governor charged with about 100 others for the massacre of a political rival's family and 32 journalists. they were found in shallow graves in 2009. it was the worst case of political violence in the country's history. >> the falls massive earthquake left many mountain porters out of work. some have joined forces with the u.n. to carry food to thousands of people in inaccessible villages, from central nepal, officer for. >> reporter: in the nuako district, local porters have gathered to carry items for the world's food program. many of them high-altitude porters, have been without jobs since april's earthquake. a porter with a trekking agency
before. my house was destroyed. i need to work. >> more than 7,500 have been employed. nepal's association has been handling the logistics. >> we are trying to provide jobs for the 40,000 people, food, and we are not doing other activity. we are just supporting human transportation. >> these walkers will cross a 3500 meter pass to a village in the neighboring district. they earn $15 a day to carry 30 kilos. from the air, landslides appear like stars on the mountainside. the team has to fix the trail as they walk. most of the houses in this pictureesque village has been damaged. it has problems with food ability and now their main crop may have been decimated by some
kind of an insect which has made them completely rely ant on food distribution. >> we went to see the maize plantation. >> after the earthquake some kind of insect started eating it up. look at what it did. >> he tells me used fertilizer on some of the crops. the maize should have been ready by now, he tells me. locals say the cob is not well formed. more than 200 metric tons of food have been carried to 83,000 people living in villages like these. for the people who are still recovering from the earthquake the aid comes ats a welcome relief. al jazeera nepal. nasa scientists have unveiled more photo snaps from the spacecraft that flew past plut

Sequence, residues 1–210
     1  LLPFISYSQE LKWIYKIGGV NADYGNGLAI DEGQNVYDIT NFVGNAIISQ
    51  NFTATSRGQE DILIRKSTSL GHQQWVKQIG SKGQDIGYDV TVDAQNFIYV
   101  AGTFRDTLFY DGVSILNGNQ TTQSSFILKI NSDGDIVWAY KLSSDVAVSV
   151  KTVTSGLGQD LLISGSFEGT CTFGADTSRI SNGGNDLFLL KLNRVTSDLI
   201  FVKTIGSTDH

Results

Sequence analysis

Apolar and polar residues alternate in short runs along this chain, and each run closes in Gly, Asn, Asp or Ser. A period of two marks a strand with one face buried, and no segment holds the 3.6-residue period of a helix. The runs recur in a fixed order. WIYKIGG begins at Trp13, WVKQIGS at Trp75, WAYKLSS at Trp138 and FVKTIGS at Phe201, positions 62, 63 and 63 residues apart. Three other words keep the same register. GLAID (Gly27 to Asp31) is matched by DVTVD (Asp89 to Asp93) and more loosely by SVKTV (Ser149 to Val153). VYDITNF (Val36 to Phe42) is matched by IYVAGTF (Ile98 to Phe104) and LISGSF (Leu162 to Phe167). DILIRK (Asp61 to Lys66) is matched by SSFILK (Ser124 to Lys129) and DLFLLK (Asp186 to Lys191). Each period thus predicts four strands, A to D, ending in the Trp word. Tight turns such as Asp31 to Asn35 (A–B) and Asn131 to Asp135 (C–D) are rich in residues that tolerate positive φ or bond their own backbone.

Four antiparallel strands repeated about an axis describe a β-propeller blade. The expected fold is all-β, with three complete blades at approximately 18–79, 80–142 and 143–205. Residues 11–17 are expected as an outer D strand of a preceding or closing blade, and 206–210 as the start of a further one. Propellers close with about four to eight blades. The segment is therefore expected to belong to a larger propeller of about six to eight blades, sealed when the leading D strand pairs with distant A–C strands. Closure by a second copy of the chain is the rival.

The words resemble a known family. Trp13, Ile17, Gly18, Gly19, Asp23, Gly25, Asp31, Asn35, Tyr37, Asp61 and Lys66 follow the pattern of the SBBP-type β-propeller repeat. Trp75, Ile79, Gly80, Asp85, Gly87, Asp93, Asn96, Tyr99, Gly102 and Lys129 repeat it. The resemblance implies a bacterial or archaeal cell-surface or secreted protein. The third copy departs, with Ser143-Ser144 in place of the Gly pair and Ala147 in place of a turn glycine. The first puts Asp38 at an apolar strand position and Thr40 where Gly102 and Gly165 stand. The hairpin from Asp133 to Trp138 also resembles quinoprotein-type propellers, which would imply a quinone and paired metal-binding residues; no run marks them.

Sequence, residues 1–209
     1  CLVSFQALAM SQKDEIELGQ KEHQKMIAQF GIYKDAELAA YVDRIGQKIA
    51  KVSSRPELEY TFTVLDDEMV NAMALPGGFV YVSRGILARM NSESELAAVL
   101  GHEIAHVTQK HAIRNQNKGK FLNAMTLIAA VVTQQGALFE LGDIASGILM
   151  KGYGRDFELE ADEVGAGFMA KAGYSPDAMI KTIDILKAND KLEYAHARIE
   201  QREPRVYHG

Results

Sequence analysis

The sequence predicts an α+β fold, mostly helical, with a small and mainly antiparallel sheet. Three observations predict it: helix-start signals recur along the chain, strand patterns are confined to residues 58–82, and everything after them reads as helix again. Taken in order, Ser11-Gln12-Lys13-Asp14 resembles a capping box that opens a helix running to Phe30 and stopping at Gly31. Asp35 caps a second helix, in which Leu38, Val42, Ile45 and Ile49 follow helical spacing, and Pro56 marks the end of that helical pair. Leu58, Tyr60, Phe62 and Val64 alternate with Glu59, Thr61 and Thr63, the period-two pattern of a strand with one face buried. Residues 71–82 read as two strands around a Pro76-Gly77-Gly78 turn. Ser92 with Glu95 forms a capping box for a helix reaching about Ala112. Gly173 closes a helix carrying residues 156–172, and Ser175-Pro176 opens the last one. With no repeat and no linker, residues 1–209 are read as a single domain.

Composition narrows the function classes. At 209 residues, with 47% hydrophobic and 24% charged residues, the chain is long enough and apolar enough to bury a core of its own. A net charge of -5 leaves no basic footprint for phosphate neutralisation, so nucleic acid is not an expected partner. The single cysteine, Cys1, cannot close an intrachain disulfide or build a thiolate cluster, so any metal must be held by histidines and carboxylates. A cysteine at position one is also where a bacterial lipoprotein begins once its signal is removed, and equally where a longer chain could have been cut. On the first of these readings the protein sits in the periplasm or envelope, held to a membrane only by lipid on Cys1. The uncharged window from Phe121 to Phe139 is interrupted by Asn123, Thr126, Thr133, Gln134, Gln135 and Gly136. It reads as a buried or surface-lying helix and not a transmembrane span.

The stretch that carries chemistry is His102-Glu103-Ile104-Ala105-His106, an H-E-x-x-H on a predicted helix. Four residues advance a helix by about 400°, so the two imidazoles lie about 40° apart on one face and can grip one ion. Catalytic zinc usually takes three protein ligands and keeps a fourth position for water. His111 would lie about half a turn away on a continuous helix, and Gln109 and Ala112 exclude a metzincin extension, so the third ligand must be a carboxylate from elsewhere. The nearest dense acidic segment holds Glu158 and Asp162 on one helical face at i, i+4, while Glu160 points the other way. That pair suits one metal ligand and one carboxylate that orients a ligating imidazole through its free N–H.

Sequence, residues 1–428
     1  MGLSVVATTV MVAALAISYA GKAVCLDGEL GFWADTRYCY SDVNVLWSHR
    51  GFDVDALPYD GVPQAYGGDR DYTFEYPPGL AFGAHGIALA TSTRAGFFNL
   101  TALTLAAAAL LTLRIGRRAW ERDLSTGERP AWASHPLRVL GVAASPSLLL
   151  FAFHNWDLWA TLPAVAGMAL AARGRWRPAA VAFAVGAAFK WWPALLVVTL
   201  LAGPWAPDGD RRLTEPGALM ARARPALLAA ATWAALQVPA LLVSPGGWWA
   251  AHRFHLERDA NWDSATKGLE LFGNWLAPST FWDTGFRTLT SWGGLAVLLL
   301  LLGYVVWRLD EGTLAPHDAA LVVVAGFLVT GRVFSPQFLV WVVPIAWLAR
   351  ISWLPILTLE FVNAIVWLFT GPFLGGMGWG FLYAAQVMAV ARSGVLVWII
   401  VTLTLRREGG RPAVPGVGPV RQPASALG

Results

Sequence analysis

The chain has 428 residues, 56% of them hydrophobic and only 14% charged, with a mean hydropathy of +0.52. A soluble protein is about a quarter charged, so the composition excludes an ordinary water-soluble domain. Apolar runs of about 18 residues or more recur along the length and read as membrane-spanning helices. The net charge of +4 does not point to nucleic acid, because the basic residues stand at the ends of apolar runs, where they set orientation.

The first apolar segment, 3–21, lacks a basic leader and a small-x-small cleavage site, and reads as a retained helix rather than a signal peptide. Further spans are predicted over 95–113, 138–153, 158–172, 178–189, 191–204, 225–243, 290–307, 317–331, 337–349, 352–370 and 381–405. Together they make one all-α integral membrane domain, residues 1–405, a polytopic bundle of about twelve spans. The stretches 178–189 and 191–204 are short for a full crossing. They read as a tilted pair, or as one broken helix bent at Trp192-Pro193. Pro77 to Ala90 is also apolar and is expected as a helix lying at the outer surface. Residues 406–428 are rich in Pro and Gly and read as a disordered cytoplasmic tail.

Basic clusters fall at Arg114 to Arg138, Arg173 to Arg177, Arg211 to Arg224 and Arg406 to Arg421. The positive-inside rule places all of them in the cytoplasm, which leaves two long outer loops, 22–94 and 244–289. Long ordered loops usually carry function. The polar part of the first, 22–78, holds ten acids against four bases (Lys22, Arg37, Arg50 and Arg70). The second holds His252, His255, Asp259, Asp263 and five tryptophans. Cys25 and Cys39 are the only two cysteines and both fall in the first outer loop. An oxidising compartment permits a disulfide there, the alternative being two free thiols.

good for wild camels in australia. farmers think they are a pest and they want another massive cow. other australians don't think they should be shot and left to rot. as an drew thomas plains. >> the camel cup is a highlight of australia's camel calendar. the atmosphere is festive and the racing on trained camels is competitive. >> we just love to run. he goes. most riders are experienced but a few first timers compete as well. >> some unusual things in this job but riding a camel in a race makes it spread special. >> camel racing in australia, though, isn't much of a business. though celebrated here, the camel is far from universally loved. >> this is a unique and special event. away from the racetrack, camels in australia are controversial